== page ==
Ang Lee: Vfx Biz ‘Very Hard to Make Money’

Ang Lee: Vfx Biz 'Very Hard

'Life of Pi' helmer adds: 'Their research and development fees are so high'

Ang Lee stayed stuck to his awards season line about vfx, praising the artists but condemning the costs, at a “Life of Pi” Blu-ray press event in New York.

Lee, who incurred the ire of vfx artists by not mentioning the Oscar-winning visual effects on his pic during his acceptance speech for director, had an opportunity to expand on his opinions of the biz but didn’t bite. He didn’t have a lot to say about the travails of the visual effects industry even when prodded, other than pointing out the constant pressure for novelty that’s build into vfx.

“This is a business where it’s very hard to make money,” he said. “Their research and development fees are so high, because when you use visual effects in a movie, you always want to see something you’ve never seen before.”

Film editor Tim Squyres chimed in, “If they can’t make money off this, then there’s something fundamentally wrong with the business plan between the studios and the visual effects company.”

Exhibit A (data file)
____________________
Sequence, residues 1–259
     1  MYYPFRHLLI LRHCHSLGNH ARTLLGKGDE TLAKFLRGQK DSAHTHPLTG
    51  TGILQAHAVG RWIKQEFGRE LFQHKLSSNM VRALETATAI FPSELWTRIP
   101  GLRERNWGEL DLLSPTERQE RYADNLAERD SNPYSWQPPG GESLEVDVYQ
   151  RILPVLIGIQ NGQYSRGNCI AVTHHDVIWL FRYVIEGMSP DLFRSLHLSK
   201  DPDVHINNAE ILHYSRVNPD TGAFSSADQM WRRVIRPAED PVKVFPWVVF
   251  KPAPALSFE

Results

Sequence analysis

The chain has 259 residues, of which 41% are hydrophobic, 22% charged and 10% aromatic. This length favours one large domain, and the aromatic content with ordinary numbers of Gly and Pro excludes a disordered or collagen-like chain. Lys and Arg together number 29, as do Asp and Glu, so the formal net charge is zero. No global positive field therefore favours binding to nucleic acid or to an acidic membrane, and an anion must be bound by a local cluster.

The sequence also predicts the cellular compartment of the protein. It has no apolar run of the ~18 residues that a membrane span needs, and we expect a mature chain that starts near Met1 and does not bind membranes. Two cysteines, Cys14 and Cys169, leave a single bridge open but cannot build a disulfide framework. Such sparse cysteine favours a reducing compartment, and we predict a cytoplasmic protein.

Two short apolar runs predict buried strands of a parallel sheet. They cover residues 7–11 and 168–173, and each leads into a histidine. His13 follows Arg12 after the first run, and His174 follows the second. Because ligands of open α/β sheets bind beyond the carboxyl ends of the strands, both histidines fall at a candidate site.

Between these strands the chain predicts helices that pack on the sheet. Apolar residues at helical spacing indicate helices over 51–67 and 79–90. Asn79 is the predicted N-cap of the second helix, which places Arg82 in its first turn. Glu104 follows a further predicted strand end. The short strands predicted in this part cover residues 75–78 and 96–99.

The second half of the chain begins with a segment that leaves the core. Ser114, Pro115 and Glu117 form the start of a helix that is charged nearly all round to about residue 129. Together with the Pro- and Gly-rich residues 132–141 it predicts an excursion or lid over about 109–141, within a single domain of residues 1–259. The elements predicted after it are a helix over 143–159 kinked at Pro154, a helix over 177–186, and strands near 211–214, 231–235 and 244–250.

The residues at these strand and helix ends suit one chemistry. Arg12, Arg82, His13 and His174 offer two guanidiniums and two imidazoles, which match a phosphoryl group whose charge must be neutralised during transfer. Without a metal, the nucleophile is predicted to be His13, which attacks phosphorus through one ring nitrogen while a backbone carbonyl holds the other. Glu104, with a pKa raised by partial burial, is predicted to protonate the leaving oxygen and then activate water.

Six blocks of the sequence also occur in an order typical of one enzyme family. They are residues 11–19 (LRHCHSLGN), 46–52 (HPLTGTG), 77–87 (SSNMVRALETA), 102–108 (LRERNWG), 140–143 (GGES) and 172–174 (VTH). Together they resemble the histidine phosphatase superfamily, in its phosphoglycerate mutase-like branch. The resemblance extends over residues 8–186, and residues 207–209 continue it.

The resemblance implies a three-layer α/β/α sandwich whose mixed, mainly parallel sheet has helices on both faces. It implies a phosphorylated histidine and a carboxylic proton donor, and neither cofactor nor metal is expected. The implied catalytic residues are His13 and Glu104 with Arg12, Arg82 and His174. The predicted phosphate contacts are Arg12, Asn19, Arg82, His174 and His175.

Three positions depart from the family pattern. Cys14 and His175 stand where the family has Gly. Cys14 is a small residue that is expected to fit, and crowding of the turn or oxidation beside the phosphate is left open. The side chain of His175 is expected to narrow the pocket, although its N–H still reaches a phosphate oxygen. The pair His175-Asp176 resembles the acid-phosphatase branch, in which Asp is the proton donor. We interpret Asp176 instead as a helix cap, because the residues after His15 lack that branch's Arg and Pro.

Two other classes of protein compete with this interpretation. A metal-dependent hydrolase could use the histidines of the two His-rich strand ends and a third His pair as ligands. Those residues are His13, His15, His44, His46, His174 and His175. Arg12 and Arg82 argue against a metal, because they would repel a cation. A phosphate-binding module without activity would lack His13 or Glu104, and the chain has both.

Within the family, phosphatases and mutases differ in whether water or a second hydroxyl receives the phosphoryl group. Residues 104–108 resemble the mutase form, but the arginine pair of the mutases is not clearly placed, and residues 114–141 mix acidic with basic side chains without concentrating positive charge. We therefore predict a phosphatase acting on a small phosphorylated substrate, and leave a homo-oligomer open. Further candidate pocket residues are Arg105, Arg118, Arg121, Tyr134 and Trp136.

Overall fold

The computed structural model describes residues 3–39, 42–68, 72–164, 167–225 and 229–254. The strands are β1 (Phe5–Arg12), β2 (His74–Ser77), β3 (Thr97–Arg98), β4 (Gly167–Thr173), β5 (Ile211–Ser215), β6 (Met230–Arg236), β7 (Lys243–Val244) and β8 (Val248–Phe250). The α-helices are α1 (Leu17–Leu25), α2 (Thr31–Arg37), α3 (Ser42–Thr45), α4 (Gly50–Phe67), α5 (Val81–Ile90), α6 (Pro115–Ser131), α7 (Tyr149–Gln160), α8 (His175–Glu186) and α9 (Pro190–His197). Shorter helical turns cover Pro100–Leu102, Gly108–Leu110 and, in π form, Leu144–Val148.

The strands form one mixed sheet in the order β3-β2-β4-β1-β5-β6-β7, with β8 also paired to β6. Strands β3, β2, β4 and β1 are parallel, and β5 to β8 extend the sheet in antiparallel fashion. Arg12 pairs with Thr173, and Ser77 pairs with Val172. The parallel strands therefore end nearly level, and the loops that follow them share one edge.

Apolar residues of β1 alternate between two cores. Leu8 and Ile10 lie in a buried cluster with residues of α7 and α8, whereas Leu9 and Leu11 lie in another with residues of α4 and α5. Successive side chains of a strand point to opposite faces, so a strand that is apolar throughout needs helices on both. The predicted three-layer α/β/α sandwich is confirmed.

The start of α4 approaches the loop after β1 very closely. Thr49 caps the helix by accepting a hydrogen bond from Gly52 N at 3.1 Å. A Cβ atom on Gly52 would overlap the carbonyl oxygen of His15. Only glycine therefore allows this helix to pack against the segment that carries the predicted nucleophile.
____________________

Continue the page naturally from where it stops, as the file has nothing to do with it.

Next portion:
Lee, Squyres and scribe David Magee all acknowledged the integral part played by the film’s vfx team. “I think they’re artists,” Lee said and added that vfx studios are often eager to work with him. “Normally they do big explosions, but I want to do visual art with them.”

The director did note that the cost of vfx can be an obstacle to production. “For a movie like this (“Life of Pi”) it’s very common for visual effects to take up half the budget. Some of those segments are so expensive. Millions of dollars have to be spent before the studio can see it. How do they approve that budget?”

The homevideo extras on the “Life of Pi” Blu-ray show the intricacies of the film’s 3D and CGI work, including one extended edit of the shipwreck scene that illustrates the various layers of vfx work involved in the sequence.

Filed Under:

Want to read more articles like this one? SUBSCRIBE TO VARIETY TODAY.
Post A Comment 69

Leave a Reply


Comments are moderated. They may be edited for clarity and reprinting in whole or in part in Variety publications.

Fill in your details below or click an icon to log in: Logo

You are commenting using your account. Log Out / Change )

Twitter picture

You are commenting using your Twitter account. Log Out / Change )

Facebook photo

You are commenting using your Facebook account. Log Out / Change )

Google+ photo

You are commenting using your Google+ account. Log Out / Change )